San Mateo resident, blogger and father of two Mike Heenan had hoped to receive more of a welcoming at a playground meetup he attended this month for mothers and kids. Dads were welcome, too, he had been told, so he was surprised when he and his daughters were shunned by the mothers in attendance.
"I got the cold shoulder. The moms were on the outside of the fenced-in playground exchanging candles and snacks," he recalled. "Children were hurting themselves, hurting each other. I was the only dad there, and no one ever said hi."
Heenan felt the experience was enlightening, however, saying it made him all the more grateful that he's a member and co-organizer of a growing group of active, involved Bay Area fathers.
The SF Dads Group is part of a nationwide network of city-based dads groups. The San Francisco regional branch, which is open to fathers all over the Bay Area, already has nearly 70 members after being up and running for just five months.
The fathers typically meet up at parks or children's museums with their children, or occasionally get together for dads nights out, sans kids. It's been an amazing opportunity to meet and share experiences with other active dads in the local community, Heenan said.
"We're growing steadily. And forgive me if I get choked up, but it's been tremendous," he described of bonding with others experiencing fatherhood.
Heenan and another of the group's organizers, Beau Coffron, hear from a lot of fathers that they don't feel welcome at events primarily catered toward mothers. Both men met through a network of dad bloggers, and say they both jumped at the chance to become involved in this burgeoning real-life dad network.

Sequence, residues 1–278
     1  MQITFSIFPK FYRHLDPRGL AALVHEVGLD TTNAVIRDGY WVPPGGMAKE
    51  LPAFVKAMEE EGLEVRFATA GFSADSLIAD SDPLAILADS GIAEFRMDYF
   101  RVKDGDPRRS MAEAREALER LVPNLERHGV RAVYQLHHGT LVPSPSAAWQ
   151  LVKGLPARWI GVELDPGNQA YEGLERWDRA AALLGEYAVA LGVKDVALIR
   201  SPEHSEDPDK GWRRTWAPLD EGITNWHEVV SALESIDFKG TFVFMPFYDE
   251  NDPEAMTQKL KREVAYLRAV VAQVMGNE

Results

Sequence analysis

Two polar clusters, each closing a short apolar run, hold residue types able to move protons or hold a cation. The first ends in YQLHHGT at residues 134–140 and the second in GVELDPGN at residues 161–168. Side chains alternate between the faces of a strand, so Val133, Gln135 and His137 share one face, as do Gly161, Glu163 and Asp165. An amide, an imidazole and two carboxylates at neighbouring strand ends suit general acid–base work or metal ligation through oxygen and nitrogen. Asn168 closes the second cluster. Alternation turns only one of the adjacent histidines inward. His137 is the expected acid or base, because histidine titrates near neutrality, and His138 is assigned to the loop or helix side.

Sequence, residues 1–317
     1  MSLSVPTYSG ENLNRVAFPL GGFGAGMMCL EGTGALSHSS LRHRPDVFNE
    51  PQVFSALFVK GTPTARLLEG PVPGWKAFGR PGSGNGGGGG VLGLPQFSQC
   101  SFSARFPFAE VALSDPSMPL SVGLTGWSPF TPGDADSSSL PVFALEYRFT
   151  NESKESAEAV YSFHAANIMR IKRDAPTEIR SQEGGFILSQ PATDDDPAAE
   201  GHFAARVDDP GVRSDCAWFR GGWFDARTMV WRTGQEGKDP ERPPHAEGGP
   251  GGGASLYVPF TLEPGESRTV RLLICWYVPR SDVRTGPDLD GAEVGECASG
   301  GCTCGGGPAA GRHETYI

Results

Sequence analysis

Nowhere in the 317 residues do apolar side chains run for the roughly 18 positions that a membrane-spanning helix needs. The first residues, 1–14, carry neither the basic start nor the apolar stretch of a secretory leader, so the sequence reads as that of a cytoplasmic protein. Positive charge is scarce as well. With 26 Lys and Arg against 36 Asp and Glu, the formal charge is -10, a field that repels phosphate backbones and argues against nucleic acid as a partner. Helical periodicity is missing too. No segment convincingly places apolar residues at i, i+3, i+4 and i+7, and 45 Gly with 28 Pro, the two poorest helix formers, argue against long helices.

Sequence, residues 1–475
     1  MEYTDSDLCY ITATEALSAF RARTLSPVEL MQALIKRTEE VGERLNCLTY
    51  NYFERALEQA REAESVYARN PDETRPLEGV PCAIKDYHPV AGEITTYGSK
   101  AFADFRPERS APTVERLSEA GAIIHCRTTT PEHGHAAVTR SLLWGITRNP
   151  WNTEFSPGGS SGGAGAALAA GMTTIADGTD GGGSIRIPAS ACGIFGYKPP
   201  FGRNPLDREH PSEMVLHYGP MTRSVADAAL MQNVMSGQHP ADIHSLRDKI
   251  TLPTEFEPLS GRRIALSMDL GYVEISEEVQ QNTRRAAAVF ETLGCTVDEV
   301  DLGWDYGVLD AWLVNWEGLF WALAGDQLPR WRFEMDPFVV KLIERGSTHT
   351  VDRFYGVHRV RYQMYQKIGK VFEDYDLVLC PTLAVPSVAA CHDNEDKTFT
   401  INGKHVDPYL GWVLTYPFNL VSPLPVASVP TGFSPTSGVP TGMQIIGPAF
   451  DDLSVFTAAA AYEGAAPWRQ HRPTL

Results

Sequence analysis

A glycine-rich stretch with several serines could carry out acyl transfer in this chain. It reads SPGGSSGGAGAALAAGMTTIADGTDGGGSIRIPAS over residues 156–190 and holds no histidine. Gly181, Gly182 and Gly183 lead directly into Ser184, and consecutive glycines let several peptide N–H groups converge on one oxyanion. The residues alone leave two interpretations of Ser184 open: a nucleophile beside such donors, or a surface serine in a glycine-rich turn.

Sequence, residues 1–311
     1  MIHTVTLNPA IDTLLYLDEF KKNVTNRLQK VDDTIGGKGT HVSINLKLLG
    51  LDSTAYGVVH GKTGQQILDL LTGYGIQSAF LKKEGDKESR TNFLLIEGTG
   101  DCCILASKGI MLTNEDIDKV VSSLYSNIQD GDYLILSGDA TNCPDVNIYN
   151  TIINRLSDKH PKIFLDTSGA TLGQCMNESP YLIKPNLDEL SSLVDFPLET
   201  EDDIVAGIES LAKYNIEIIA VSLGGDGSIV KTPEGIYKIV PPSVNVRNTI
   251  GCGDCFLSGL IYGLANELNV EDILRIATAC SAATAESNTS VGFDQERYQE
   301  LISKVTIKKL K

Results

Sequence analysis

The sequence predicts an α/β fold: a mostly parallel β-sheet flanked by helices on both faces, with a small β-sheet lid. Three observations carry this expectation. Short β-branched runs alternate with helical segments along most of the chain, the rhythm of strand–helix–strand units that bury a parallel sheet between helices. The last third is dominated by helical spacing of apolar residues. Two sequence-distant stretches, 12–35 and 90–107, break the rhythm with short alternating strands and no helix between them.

The number of fathers who stay at home with their children has nearly doubled since 1989, according to statistics from the Pew Research Center. By 2010, there were 2.2 million stay-at-home dads across the country. That number has since decreased slightly during the recovery from the recession, but Heenan said he feels that he become part of a new era of modern, active fatherhood.
Local fathers don't have to be the stay-at-home kind to get involved with the SF Dads Group. It's open to all -- single, married, full-time stay-at-homers, dads who work full-time in or out of the home. What matters most is that the fathers care about active parenting, members note.
"We have one local politician who recently started attending," Heenan said. "He has a strictly regimented schedule, and he wants to be part of the group so he doesn't become an approachable workaholic to his two young daughters. So we have a really diverse group."
One of the major challenges they face as they grow, Coffron said, has to do with the group's geographical scope. Due to the size of the Bay Area, group members have not quite determined how to ensure that the meetup locations are convenient and accessible to everyone interested. But as both men are quick to point out, the group is young and expanding, and they have the time and resources to figure such issues out as they go.